On the other flank, Zabaleta and Fredericks have experienced a similar season of uncertainty and Pellegrini’s deliberation over which option he prefers. Zabaleta started 23 games; Fredericks started 12 after returning from injury midway through the season. It is indisputable that Zabaleta is by far the better player, and would have the position locked down comfortably if not for his age. Even despite him being past his prime, Zabaleta still continues to prove the doubters wrong by producing solid performances against the trickiest of wingers – in the last season, for example, he kept Zaha and Hazard quiet in superb home performances. It is hard to believe he is 34 years old when you see him making yet another lung-busting run up the right hand side in the final few minutes of games. Unfortunately, there are increasingly noticeable occasions where his lack of pace is successfully targeted by other teams, and he is struggling to keep up with the rigours of a Premier League season which can sometimes see three games in the space of seven days. As such, Fredericks has been given significantly more game time towards the end of last season. He has demonstrated his potential, particularly as an attacking outlet with his blistering pace. It is that same pace which he relies on too heavily when he is defending, often attempting to make up for his poor defensive positioning with a sprint back to hold up an attacker. He was unfortunate to pick up a couple of injuries early on in his West Ham career, and we may well see the best of him yet, but he has not convinced that he can take the right back slot from Zabaleta.

In amongst all of these seasoned professionals, we’ve also witnessed the emergence of a young prospect from our academy in Ben Johnson. Not only did he make his debut against some of the most potent wingers in the league at Man City, he came out of the game with credit and has gone from strength to strength since. Pellegrini has reportedly made his opinions clear about the youngster who will undoubtedly get chances this season – particularly as he is confident enough to play either on the left or the right. It wouldn’t be surprising at all if he started the first game of the season, such is the impression he has made.

Many fans have called for us to sign another wingback, or potentially even a wingback on each side. However, the emergence of Ben Johnson has given Pellegrini food for thought and led to a reevaluation of our priorities. With Masuaku, Cresswell, Zabaleta and Fredericks, we have enough to get us through the season – especially if two of them can stamp their name on their position and become part of a consistent backline. You would assume that a season under the coaching of Pellegrini will improve each and every one of them. Having Johnson around now means that we have cover, without paying a transfer fee for a player who would either have been unknown or overpriced. It means Pellegrini can afford to spend another season trying to solve the problem with what he has, and allocate any potential funds elsewhere.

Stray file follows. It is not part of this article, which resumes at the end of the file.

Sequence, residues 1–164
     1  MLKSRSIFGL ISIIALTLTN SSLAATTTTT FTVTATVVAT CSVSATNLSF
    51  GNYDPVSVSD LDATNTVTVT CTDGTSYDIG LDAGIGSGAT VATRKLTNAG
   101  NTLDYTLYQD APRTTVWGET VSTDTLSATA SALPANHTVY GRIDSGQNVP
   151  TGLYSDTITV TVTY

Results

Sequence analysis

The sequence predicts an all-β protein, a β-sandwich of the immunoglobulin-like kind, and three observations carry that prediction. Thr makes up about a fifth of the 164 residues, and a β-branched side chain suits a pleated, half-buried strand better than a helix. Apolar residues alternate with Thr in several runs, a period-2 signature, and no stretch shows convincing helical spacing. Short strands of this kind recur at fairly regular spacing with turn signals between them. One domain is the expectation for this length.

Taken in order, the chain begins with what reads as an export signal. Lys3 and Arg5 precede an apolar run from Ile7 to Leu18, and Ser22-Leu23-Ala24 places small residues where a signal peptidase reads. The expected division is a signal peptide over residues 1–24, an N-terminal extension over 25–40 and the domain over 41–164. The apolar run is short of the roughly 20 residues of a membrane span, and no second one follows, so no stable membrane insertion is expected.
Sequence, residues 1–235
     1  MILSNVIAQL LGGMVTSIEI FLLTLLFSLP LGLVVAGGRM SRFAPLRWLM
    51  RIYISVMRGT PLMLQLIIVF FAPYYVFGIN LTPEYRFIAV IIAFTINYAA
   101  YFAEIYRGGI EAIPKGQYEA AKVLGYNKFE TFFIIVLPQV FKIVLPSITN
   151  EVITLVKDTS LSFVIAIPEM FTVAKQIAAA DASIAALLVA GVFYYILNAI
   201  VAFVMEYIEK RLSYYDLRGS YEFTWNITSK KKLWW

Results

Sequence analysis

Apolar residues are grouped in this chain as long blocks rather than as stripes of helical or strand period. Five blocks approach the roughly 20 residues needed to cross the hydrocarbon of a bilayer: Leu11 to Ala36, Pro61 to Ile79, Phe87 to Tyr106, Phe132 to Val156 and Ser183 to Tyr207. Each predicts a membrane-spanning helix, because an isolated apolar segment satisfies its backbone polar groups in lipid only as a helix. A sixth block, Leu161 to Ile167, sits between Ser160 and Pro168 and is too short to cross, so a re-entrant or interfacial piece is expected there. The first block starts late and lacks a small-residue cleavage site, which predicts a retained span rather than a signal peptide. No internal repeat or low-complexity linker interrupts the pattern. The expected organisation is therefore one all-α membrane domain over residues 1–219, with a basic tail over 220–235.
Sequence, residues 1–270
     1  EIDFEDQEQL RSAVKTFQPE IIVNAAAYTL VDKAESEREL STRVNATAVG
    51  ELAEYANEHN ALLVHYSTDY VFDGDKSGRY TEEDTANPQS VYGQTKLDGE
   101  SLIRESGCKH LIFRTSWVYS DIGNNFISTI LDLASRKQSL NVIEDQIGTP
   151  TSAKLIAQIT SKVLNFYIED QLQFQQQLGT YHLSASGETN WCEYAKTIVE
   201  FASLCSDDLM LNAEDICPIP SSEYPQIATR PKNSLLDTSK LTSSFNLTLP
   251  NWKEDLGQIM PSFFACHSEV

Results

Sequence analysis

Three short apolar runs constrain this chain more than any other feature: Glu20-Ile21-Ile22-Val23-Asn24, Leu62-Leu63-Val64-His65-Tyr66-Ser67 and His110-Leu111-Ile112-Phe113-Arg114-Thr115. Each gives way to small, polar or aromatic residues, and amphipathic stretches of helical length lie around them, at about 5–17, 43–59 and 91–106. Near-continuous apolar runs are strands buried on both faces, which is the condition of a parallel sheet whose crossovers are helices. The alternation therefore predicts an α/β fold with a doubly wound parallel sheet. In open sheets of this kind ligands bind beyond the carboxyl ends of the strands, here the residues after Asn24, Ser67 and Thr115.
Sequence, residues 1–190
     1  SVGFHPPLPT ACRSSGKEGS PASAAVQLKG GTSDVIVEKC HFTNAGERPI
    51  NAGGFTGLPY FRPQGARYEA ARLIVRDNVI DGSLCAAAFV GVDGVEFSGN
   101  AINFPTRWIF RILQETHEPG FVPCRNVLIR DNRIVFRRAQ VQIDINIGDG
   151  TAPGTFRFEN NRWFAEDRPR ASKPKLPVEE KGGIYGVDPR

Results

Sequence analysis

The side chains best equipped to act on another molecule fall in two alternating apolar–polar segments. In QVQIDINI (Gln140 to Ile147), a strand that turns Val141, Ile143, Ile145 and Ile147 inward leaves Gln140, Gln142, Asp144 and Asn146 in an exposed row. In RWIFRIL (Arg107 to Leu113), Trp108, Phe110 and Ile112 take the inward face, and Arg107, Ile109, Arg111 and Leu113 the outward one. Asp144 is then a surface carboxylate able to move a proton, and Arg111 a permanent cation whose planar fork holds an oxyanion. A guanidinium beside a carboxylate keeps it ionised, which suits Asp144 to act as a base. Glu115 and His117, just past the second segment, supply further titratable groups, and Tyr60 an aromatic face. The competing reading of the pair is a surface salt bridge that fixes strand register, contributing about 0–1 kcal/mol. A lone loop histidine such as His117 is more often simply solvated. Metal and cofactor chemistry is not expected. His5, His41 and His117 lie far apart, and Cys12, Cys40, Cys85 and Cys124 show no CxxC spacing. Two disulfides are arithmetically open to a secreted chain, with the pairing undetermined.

Pellegrini’s primary solution to addressing the weaknesses on the flanks lies in the defensive discipline of the wingers. Anderson’s lacklustre tracking back in the early part of the season last year was quickly addressed and noticeably improved as the season went on. Pellegrini will doubtless have spent the summer drilling all of his wingers to do exactly the same thing when their fullback is in danger of being overrun. He may even potentially be considering wingers to sign ahead of fullbacks, but specifically the identikit of a hard-working winger who will accept his defensive responsibility as well as the attacking expectations.

Pellegrini commands the necessary respect to get Anderson, Yarmolenko, Lanzini and co working hard for the benefit of their defensive partners. We’ve already seen him have an instant impact on individuals and the team as a collective in his first season. With many of the first team faces unchanged from last season, we can expect to see that they continue to buy into the approach Pellegrini demands and this will solidify the defence over time. Although it may appear to be an area of the squad which needs to be developed, in reality Pellegrini may well feel that he has all the tools at his disposal already to eradicate the problem.

One thing is for sure, in Pellegrini we trust.

Come on you Irons!

Benfleet Hammer’